Please help! My brother took out $ 20,000 in student loans on behalf of my father without his consent. My parents refuse to act

0


Dear Quentin,

Please help! I am very worried about both my parents. I’m pretty sure my brother took out student loans on behalf of my parents without their knowledge and I don’t think they understand that they or they are responsible for refunding the money (not my brother) even if it was done without their consent.

I don’t know how my brother did this, but we found out a few years ago when my father received a letter in the mail from the Ministry of Education. Thinking it had to do with my brother’s financial aid, he opened it up to find that “he” had taken out thousands of dollars in loans to pay for my brother’s college education.

“They are also so close to finally paying off their mortgage, I would hate to see them extend their retirement because of the loans or, worse yet, lose the house they worked so hard for.”

At first he was shocked, but when I explained it to him he pretended to know what was going on. Since then, he basically ignored loans until recently, when he received another letter advising him that his loans were being transferred to a new manager (with new loans added, the total sum now exceeding $ 20,000). .

My mother continues to ignore loans because they were not taken out under her name. When I told them that I was planning to confront my brother about this, they told me to stay out of it. But I can’t stay out of this. I care about both of my parents, and I don’t think it’s fair for them to pay off a debt that was never theirs.

Both my parents will soon turn 60 and they are starting to think about retirement. They are also so close to finally paying off their mortgage that I would hate to see them extend their retirement because of the loans or, worse yet, lose the home they worked so hard for.

If my brother hadn’t been able to pay for school with loans in his name, he never should have gone. Is there a way to change the loans on behalf of my brother to pay off his debt? And can loans affect my mother since my parents are married?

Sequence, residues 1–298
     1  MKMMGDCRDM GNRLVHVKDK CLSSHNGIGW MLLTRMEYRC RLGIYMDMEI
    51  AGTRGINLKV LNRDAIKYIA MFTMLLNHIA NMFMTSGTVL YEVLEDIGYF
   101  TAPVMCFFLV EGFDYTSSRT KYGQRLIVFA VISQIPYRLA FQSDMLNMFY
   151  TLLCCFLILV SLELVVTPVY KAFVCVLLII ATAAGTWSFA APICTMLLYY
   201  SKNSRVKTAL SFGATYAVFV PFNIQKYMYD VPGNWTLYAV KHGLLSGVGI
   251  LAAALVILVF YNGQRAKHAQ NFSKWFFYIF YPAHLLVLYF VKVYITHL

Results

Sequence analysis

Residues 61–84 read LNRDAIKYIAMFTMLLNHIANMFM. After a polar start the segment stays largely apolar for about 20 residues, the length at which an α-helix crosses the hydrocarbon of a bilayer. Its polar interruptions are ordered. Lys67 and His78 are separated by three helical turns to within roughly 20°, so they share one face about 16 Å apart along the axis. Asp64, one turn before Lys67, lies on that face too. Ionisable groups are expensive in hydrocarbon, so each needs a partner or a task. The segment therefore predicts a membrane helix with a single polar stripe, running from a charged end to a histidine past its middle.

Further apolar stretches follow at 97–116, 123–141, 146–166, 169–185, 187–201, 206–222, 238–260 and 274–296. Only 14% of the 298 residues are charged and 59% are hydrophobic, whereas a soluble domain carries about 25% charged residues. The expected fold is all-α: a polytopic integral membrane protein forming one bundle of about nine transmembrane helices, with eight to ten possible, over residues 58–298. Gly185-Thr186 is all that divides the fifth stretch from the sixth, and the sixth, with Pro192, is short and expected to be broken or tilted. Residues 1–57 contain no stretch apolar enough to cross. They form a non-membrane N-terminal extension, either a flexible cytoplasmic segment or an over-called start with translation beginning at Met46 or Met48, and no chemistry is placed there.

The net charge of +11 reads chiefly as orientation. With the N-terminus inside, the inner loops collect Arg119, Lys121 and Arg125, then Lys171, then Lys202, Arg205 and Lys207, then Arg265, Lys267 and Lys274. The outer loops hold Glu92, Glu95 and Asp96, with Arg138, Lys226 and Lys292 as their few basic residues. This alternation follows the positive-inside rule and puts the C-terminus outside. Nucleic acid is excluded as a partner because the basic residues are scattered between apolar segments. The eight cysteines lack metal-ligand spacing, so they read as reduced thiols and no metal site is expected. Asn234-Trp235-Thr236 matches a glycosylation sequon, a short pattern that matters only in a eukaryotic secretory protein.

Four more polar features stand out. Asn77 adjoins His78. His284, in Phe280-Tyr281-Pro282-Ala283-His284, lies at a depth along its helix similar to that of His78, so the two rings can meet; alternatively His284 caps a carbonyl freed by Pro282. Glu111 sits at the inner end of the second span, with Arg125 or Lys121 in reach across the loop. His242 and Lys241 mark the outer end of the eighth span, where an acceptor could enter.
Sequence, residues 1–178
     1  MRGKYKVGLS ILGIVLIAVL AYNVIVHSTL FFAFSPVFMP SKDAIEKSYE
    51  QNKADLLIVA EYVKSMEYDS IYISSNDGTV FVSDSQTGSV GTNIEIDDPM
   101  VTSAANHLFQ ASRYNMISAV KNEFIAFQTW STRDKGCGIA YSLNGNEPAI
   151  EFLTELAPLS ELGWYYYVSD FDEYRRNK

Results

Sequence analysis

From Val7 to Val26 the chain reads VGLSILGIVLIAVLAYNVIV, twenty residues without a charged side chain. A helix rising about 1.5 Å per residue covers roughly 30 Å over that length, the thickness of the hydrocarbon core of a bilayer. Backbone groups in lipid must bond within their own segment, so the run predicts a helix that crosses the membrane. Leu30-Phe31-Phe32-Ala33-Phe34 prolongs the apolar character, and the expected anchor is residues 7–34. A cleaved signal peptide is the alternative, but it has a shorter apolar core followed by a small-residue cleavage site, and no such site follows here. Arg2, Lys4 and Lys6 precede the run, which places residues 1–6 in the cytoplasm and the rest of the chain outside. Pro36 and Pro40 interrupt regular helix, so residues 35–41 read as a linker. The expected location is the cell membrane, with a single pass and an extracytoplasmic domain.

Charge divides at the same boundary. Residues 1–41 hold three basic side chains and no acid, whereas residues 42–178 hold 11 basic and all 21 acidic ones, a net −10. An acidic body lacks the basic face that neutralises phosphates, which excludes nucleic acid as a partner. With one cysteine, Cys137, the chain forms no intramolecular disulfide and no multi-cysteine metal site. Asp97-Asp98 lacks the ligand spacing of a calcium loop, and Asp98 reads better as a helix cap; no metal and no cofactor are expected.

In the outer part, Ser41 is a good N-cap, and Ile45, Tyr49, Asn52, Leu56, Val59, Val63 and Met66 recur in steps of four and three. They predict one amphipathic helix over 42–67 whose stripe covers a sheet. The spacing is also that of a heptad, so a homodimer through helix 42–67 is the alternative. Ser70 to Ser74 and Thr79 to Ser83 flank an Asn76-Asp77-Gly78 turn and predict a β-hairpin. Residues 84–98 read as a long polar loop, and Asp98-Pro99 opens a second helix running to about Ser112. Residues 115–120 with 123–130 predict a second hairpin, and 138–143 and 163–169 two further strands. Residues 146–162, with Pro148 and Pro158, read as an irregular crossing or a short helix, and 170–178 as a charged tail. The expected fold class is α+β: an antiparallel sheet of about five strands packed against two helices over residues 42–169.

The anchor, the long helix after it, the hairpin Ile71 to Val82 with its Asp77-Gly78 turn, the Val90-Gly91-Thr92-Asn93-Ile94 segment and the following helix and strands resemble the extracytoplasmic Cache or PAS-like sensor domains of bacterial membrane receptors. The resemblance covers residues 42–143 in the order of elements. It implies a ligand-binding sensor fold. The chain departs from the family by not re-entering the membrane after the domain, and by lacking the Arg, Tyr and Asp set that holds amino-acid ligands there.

Worried girl

Dear daughter,

If you are sure that your brother took out these loans without your parents’ consent and forged their signatures on the loan documents, you can warn your brother that he faces serious consequences if he does not repay the loan within the time limit. time limit. . That may or may not start a fire under him to at least make sure collection agencies don’t knock on your parents’ door.

You can’t force your parents to take action, of course, unless you’ve reported the suspected loan fraud to the police – and even then your parents could say they approved the loan, which makes any future claims difficult. The more your parents know about the loans taken out in their name and continue to do nothing, the more complicated the case of their release becomes.

Unpaid student loan debt could become a drain on your parents’ joint income and savings; the government could seize tax refunds for a federal loan; and if your dad’s credit rating suffers, it affects your mom if she has to refinance her home due to medical emergencies or other unforeseen events. If they live in a community property state, they can both be responsible for the loan.

If they wanted to pay off this debt? They should probably file a claim for identity theft. Again, this would require a police report and / or a court conviction. But it seems they don’t want to subject your brother – or themselves – to such a traumatic process. In this case, they have no choice but to pay off the debt if your brother defaults and remove it from his inheritance.

You can email The Moneyist for any financial and ethical questions related to the coronavirus at [email protected], and follow Quentin Fottrell on Twitter.

To verify the private Facebook Moneyist group, where we seek answers to life’s toughest money problems. Readers write to me with all kinds of dilemmas. Post your questions, tell me what you want to know more about, or weigh in on the latest Moneyist columns.

The Monetary regrets not being able to answer the questions individually.

More from Quentin Fottrell:

• My married sister uses the most precious possessions of our parents. How to prevent him from looting their house?
• My mother asked my grandfather to sign a trust leaving millions of dollars for two grandchildren, avoiding everyone
• My brother’s future ex-wife is embezzling money from her business. How to find hidden accounts?
• ‘Grandmother recently passed away, leaving behind a 7-figure estate. Needless to say, things get complicated ‘



Share.

About Author

Comments are closed.